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Four Steps to Take During Medicare Open Enrollment
Posted By Ian Cunningham On December 3, 2012 @ 2:16 pm In Health Talk | No Comments
The following is a guest post by Nicole Duritz, Vice President, Health, AARP Education and Outreach
This Friday, December 7, marks the end of the 2012 Medicare open enrollment season. Medicare open enrollment is the time of the year when you can review and make changes to your Medicare coverage. The December 7 deadline is approaching, but there’s still time for you to review your plan and decide if you need to make changes. Act fast! Any changes you make will be in place on January 1, 2013.
During open enrollment you can:
It is always a good idea to review your plan to make sure you are getting the most out of your Medicare coverage. Evaluating your plan options is easier than you think. Just follow the four “Cs”: coverage, cost, convenience and customer satisfaction.
Comparing Medicare plans is simple. The official Medicare website has a tool at www.Medicare.gov/find-a-plan that helps you find and compare all of the plans available in your area. When reviewing plans, focus on the benefits, such as the coverage offered while you are in the “doughnut hole,” the period during which you pay a higher share of your drug costs. Find out which drugs are covered.
If you need help comparing coverage options, you can work with State Health Insurance Assistance Program (SHIP) counselors (www.shiptalk.org). Be sure to ask the counselor questions about issues that matter to you, such as whether you will have coverage if you get sick while traveling out of state.
From year to year, your Medicare plan costs may change. During open enrollment, you should compare all of the costs, including premiums, deductibles, drug costs and out-of-pocket maximums.
When it comes to going to doctor’s appointments and filling prescriptions, convenience matters. When comparing Medicare plans, find out if you will have access to nearby doctors. Use the Medicare Plan Finder (www.medicare.gov/find-a-plan/) to locate plans that your local pharmacy accepts or plans that provide online prescription-filling or mail-order options.
Have you ever wondered how your Medicare plan stacks up against the rest? When you’re comparing plans, use Medicare’s star-rating system. Medicare health and prescription drug plans are rated on how they perform in different categories, such as responsiveness and care, member complaints and customer service. A plan can rate between 1 star (“poor”) and 5 stars (“excellent”). You can view the star-ratings at www.medicare.gov/find-a-plan by clicking on the plan name. You can compare up to three plans at once.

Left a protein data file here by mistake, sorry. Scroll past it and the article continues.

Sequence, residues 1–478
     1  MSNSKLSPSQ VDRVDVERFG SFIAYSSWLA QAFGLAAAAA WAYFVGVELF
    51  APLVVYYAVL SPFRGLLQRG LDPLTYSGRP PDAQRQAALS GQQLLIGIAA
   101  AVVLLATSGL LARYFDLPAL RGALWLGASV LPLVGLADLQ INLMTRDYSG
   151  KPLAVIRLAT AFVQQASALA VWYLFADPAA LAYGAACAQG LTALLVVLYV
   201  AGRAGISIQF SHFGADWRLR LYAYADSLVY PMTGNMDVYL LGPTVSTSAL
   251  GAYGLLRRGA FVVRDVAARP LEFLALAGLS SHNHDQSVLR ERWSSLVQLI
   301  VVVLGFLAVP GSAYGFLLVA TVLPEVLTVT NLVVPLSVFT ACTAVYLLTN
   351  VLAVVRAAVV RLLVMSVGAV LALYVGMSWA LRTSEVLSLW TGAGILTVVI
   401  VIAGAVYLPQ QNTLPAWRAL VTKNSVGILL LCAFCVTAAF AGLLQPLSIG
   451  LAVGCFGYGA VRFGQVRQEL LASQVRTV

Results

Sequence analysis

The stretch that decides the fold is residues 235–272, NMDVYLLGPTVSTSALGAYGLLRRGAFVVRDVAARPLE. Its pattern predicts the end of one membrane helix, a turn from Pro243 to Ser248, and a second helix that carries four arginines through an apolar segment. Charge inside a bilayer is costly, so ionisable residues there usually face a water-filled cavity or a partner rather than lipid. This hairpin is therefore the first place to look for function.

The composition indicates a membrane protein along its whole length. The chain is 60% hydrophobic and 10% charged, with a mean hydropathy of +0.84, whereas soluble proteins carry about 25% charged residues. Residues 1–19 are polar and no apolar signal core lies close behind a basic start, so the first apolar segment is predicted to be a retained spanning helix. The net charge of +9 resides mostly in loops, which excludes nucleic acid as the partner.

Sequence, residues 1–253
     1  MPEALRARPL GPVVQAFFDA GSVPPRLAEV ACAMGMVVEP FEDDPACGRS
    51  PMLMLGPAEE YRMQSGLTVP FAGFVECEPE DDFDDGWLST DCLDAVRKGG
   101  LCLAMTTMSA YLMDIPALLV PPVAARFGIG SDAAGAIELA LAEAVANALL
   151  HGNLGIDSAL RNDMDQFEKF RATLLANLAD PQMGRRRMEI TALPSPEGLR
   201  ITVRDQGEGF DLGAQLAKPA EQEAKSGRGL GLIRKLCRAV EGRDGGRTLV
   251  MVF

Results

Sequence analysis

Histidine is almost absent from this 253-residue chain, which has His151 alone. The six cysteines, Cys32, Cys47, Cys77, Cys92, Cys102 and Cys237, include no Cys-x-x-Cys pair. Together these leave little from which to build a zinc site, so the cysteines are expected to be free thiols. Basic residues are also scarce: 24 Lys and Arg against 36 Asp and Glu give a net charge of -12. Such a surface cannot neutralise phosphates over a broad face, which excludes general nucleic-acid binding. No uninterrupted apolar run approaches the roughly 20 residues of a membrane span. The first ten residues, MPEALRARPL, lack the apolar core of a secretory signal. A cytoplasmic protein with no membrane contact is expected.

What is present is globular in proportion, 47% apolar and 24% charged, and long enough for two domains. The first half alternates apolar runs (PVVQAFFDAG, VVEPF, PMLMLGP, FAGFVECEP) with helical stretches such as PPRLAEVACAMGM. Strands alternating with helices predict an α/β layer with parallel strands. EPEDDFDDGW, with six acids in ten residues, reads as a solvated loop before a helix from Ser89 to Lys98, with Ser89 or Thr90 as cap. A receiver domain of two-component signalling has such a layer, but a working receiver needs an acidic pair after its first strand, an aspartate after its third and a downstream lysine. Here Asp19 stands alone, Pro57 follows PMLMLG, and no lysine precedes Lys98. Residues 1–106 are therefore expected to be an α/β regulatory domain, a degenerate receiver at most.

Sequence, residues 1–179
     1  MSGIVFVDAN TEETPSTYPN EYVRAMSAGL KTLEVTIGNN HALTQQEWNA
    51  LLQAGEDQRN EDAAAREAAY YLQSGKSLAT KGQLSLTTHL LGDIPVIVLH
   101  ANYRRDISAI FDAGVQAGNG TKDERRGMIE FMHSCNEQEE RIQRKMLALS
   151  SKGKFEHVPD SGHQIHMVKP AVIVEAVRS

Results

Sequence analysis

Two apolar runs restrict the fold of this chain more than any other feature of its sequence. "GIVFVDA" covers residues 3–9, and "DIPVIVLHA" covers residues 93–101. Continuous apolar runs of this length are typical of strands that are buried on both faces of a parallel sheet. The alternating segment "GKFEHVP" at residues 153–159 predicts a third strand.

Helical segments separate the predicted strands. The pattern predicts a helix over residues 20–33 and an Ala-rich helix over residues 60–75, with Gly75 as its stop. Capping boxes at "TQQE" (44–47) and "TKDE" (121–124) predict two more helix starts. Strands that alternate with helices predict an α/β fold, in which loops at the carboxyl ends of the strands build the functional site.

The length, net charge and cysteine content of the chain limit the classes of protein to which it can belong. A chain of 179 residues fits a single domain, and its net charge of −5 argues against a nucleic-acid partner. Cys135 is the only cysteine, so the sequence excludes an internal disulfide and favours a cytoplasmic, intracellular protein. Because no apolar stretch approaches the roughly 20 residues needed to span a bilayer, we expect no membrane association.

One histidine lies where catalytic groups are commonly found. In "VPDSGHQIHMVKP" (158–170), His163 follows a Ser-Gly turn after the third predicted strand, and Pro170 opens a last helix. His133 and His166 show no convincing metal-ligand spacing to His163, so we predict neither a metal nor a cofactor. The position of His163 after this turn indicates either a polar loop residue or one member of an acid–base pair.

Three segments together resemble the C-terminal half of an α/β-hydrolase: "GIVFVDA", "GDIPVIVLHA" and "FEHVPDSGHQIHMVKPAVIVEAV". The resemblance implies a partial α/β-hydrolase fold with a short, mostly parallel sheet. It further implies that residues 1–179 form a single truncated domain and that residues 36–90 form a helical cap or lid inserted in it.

After the Four Cs, You are Ready for D (Decide)
Remember, even if you are happy with your Medicare plan, it is wise to evaluate your options since the open enrollment period is the time each year you can switch plans. Once you go through the four Cs of comparing coverage, cost, convenience and customer service, you can make a well-researched decision to either change your plan or stay with what you have.
Remember, it is important to review your options carefully. In some cases, if you drop your coverage you might not be able to get it back.
Of course, you may decide to keep the coverage you have. But, if you miss the December 7th deadline, you’ll have to wait until next fall to switch to a different Medicare plan.
For more information about Medicare open enrollment, visit www.aarp.org/openenrollment. AARP also hosts free webinars for anyone interested in learning more about the Medicare program and open enrollment. Learn more at www.aarp.org/healthwebinars. For free printed fact sheets on Medicare, call 1-888-687-2277 and request “Twelve Questions You Can Ask” (publication number D19576 English/ D19578 Spanish) and “Eight Things You Can Do” (publication number D19575 English/D19677 Spanish).
Nicole Duritz, Vice President of Health at AARP, leads the Association’s member and consumer health education and outreach program, which includes work on issues such as Medicare, the new health care law, prescription drug affordability, long term care, prevention and wellness, and wise use of medications.
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